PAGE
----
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Implement a PCI bus rescan method.

Authored by jhb on Apr 20 2016, 2:21 AM.



Implement a PCI bus rescan method.

Rescanning a PCI bus uses the following steps:

  • Fetching the current set of child devices and save it in the 'devlist' array.
  • Allocate a parallel array 'unchanged' initalized with NULL pointers.
  • Scan the bus checking each slot (and each function on slots with a multifunction device).
  • If a valid function is found, look for a matching device in the 'devlist' array. If a device is found, save the pointer in the 'unchanged' array. If a device is not found, add a new device.
  • After the scan has finished, walk the 'devlist' array deleting any devices that do not have a matching pointer in the 'unchanged' array.
  • Finally, fetch an updated set of child devices and explicitly attach any devices that are not present in the 'unchanged' array.

This builds on the previous changes to move subclass data management into
pci_alloc_devinfo(), pci_child_added(), and bus_child_deleted().

Subclasses of the PCI bus use custom rescan logic explicitly override the
rescan method to disable rescans.

Test Plan
  • Use devctl rescan after insertion and removal of a card in an expresscard slot.

Diff Detail

rS FreeBSD src repository - subversion
Automatic diff as part of commit; lint not applicable.
Automatic diff as part of commit; unit tests not applicable.

Event Timeline

jhb retitled this revision from to Implement a PCI bus rescan method..
jhb updated this object.
jhb edited the test plan for this revision. (Show Details)
jhb added reviewers: imp, adrian.
This revision was automatically updated to reflect the committed changes. added inline comments.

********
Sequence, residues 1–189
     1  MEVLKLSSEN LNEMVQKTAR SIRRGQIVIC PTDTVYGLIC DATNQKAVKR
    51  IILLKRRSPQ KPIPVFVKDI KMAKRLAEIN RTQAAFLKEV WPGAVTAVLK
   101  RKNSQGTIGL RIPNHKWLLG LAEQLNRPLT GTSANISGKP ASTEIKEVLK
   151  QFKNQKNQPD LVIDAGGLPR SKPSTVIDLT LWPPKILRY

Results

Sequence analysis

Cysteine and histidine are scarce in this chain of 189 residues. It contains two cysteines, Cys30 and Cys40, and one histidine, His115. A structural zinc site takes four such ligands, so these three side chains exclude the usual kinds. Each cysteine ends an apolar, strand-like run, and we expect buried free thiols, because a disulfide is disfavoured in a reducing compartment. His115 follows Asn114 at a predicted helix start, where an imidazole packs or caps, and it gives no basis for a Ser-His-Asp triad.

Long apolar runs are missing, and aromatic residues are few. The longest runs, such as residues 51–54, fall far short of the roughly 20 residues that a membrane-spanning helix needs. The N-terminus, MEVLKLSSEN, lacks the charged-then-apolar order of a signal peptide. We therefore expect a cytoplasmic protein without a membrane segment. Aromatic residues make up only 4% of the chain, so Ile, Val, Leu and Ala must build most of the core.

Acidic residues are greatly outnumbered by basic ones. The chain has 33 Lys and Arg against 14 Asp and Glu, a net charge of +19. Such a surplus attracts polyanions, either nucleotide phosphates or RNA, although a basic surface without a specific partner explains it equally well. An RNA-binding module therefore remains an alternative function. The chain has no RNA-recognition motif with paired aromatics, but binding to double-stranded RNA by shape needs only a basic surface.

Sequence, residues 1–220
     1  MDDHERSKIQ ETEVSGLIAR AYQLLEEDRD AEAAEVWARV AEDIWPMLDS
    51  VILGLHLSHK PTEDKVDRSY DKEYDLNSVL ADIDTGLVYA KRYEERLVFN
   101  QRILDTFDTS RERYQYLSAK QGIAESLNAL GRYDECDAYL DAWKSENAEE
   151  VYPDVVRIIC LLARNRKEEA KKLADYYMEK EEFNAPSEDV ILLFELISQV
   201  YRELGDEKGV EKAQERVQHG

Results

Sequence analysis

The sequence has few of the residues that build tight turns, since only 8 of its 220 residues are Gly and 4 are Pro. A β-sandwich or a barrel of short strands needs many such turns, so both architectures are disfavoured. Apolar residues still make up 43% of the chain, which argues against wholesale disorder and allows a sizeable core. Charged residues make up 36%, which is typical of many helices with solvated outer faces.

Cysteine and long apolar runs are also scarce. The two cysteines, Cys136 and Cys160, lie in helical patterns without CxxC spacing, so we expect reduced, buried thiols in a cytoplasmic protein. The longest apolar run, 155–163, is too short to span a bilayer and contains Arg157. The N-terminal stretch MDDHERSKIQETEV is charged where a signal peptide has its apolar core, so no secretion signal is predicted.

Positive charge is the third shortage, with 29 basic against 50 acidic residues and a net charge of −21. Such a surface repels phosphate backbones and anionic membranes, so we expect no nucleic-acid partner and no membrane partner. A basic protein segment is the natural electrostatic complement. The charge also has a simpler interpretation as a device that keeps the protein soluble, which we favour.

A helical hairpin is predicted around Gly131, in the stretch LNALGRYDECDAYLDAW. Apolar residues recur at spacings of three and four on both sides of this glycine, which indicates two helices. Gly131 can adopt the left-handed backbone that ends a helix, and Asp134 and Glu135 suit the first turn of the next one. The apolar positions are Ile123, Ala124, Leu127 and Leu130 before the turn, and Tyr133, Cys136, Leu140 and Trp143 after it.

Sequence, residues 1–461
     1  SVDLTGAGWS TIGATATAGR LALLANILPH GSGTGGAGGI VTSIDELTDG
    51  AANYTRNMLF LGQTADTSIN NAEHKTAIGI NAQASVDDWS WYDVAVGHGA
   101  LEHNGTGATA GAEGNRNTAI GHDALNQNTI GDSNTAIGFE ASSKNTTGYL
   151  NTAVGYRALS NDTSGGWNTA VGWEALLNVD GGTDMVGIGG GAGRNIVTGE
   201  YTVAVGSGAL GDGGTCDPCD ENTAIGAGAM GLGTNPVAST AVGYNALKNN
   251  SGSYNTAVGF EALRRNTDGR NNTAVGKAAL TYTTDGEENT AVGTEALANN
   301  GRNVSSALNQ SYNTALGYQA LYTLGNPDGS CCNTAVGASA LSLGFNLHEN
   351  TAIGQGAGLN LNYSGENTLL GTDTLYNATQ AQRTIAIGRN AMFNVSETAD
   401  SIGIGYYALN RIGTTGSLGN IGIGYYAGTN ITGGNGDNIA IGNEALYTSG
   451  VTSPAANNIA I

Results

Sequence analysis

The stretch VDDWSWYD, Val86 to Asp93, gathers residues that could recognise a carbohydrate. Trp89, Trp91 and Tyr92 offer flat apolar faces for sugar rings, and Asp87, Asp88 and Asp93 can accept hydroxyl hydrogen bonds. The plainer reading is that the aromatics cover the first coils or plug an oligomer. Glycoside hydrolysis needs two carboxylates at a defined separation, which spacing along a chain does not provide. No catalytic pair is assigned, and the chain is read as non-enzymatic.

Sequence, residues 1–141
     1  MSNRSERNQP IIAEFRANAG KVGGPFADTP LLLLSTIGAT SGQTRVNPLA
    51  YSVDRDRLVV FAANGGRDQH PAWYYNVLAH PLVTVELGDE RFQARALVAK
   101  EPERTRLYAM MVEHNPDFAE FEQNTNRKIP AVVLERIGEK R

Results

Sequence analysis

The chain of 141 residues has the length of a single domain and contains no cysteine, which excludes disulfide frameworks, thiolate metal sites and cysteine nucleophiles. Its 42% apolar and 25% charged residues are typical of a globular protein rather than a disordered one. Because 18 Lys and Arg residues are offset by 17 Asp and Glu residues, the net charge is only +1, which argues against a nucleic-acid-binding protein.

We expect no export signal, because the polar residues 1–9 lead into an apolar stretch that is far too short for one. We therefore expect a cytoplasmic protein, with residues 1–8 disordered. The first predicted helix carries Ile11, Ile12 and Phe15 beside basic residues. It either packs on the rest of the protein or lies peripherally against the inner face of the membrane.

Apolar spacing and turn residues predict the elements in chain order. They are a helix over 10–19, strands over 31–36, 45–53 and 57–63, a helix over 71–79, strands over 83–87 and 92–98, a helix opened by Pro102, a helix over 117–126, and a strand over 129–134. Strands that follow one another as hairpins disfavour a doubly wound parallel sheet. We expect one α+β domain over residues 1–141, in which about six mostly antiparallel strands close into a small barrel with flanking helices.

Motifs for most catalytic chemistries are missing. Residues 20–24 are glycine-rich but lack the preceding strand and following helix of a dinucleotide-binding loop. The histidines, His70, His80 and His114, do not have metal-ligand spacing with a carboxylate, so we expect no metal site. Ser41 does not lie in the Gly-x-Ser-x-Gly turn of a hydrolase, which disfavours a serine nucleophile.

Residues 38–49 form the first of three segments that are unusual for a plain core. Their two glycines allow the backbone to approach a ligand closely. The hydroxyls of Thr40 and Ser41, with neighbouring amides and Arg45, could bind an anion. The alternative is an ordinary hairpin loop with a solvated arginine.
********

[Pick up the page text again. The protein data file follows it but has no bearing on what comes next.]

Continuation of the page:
Typo... It should be 0xffff.



When device_delete_child() is invoked, the device has done.

Is this still safe -- device_delete_child() -> device_detach()? The detach method of the PCI device driver can't access the device's registers at all.


My typo -- I meant "When device_delete_child() is invoked, the device has *gone*".


Shouldn't we have a #define for PCIR_VENDOR_INVALID instead? It's used in a number of places now and magic numbers are bad.


There's a problem with misbehaving hardware that's not contemplated here. There's several CardBus cards (and a few PCI counterparts) that behave badly if they report that their function 0 is invalid, they don't expect you to access the other functions and return garbage instead of ffff's for the VENDOR. In the CardBus code I have (or maybe had) code that says if function 0 has a bad VENDOR tag (or a bad DEVICE ID too), then assume that something isn't quite right in the HDRTYPE register and reject the device. I have a vague notion that there was a tweak needed for 'happy meal' devices on Sparc64 because they did something odd as well, but that may have been a separate issue.


We ran into this problem in CardBus years ago. You have to call the detach routine or you have an orphaned device. It's the responsibility of the detach routine to know if the hardware is present and do the right thing if it has gone. There's also a race with the interrupt handler because some card departure events could lead to an interrupt (or a shared interrupt could fire before it could be detached) and interrupt handlers are required to cope with that as well. And there's various other races with other parts of the system that need to be coped with too: storage devices have outstanding bios at the low layer and associated bufs at the high level; network devices have outstanding mbufs in flight; usb may have transactions in flight, etc. All of these conditions must be handled even when the underlying hardware has suddenly disappeared. Well written drivers can cope with their hardware going away and will cancel what they can. The only minor snag that we have to worry about here is that the detach routines block until all this stuff is drained from the upper half of the kernel.


I've fixed the typo directly for now, but yes, we should add a constant.


That should already work correctly. If function 0 reports 0xffff we continue early on (line 3954) above. This means we won't bother examining any additional functions and will leave unchanged[i] NULL for all of the functions causing the loop at 3986 to remove them all.


Now I understand the points here.
Thank you very much for the detailed explanation, imp!